The Palestinian electoral commission announced on Sunday that it had approved all the 36 applications.
The groups had until Wednesday to submit their lists of candidates for the May 22 polls.
The vote is part of an effort by key Palestinian factions, including Fatah and Hamas, to boost support for Palestinian governance.
The Palestinian leadership has been divided between Fatah and Hamas since 2006. Back then, Hamas scored a landslide victory in parliamentary elections in the besieged Gaza Strip.
Hamas has ever since been running the densely-populated coastal enclave, while Fatah has been based in the autonomous parts of the occupied West Bank.
In January, Palestinian President Mahmoud Abbas announced the 2021 elections would also include presidential vote on July 31 and the National Council elections slated for August 31.
Leaders of fourteen Palestinian political groups have already held a comprehensive national dialog to reach an agreement on the mechanism of holding elections in the occupied Palestinian territories.
While Fatah and Hamas have reached an agreement for the voting to take place in the West Bank and Gaza, it remains opaque whether the Palestinians in the occupied East Jerusalem al-Quds would be able to vote. Palestinian leaders want the voting to be held in the east, the area where they see as the capital of a future Palestinian state.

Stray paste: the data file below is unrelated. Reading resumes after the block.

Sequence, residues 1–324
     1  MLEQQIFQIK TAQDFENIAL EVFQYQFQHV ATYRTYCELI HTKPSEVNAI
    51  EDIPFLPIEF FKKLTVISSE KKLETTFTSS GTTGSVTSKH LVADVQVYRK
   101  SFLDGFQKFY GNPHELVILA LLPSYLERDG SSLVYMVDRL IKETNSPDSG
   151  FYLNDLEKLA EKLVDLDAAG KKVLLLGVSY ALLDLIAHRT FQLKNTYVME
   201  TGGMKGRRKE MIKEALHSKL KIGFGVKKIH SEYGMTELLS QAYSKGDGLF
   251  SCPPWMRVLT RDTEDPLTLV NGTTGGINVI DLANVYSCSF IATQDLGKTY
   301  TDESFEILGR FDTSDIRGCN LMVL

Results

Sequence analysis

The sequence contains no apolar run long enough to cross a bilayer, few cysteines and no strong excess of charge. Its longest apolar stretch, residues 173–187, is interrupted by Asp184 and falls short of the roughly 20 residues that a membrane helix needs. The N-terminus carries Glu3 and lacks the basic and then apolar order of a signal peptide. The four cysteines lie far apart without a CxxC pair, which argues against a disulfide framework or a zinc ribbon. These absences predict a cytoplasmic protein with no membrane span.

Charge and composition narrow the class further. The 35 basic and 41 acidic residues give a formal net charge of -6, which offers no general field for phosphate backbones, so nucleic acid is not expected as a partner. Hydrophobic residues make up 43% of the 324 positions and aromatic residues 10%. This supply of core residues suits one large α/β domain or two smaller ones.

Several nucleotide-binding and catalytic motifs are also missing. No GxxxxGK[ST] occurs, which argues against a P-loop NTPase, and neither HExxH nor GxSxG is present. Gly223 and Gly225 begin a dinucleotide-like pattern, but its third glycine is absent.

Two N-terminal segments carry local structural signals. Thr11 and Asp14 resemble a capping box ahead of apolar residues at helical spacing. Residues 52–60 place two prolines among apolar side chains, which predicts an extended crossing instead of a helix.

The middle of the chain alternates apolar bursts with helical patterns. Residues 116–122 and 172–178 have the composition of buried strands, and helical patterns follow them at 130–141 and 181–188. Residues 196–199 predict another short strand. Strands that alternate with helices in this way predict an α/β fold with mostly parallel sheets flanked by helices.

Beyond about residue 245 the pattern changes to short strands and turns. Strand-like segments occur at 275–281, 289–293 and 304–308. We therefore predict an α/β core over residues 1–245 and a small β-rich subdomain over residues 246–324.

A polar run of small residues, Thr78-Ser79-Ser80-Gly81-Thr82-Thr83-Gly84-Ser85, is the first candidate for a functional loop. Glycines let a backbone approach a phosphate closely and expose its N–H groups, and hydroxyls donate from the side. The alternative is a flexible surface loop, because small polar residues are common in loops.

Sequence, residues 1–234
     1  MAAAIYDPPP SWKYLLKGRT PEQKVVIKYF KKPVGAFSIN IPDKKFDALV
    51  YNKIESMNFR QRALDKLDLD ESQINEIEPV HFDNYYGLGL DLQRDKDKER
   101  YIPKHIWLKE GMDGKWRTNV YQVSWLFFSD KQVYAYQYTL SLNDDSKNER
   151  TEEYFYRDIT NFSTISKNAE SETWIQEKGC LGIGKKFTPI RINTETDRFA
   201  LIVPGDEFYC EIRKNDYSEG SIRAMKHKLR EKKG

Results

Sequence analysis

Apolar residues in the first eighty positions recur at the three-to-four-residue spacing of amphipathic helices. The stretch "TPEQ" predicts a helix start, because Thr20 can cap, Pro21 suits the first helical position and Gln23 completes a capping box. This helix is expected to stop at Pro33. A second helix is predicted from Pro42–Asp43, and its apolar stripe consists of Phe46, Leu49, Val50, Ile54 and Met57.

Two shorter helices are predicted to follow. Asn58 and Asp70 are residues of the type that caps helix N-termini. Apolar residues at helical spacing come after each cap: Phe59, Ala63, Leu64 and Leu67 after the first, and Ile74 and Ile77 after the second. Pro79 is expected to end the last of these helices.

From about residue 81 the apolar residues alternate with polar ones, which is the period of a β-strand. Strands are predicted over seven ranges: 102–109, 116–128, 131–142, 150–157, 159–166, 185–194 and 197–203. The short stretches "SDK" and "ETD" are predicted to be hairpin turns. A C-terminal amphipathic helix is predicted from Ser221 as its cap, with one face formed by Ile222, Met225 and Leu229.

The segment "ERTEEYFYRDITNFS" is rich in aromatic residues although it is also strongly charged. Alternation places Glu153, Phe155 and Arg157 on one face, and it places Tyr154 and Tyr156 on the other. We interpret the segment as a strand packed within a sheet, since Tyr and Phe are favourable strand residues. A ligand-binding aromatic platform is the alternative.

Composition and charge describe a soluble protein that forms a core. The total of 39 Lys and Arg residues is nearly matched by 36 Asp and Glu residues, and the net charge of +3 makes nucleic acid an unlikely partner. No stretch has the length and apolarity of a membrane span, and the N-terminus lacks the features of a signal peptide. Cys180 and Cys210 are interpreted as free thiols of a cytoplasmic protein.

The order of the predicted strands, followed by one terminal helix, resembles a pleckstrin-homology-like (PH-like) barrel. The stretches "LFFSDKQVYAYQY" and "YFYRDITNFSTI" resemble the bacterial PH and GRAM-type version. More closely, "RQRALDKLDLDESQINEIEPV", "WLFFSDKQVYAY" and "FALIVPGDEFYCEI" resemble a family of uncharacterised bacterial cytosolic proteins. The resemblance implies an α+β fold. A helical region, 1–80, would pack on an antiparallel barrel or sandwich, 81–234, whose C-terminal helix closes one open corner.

Abbas has said he would not agree to elections unless Palestinians in East Jerusalem al-Quds can vote. Such a guarantee is unlikely.
Palestinian factions in recent months have announced a unified stance against attempts by Israel, the United States and some Arab countries to undermine the Palestinian cause, denouncing any form of normalization with the occupying regime as “a stab in the back” of not only the Palestinians but the entire Muslim world.
Relations between the Palestinian Authority and the United States soured after the administration of former President Donald Trump recognized the whole Jerusalem al-Quds as the “capital” of Israel and moved the US embassy from Tel Aviv to the city. The former US president also cut aid to Palestinians in the West Bank and proposed a much-condemned plan – known as the Deal of the Century – that allowed Israel to seize large parts of the West Bank and the Jordan Valley.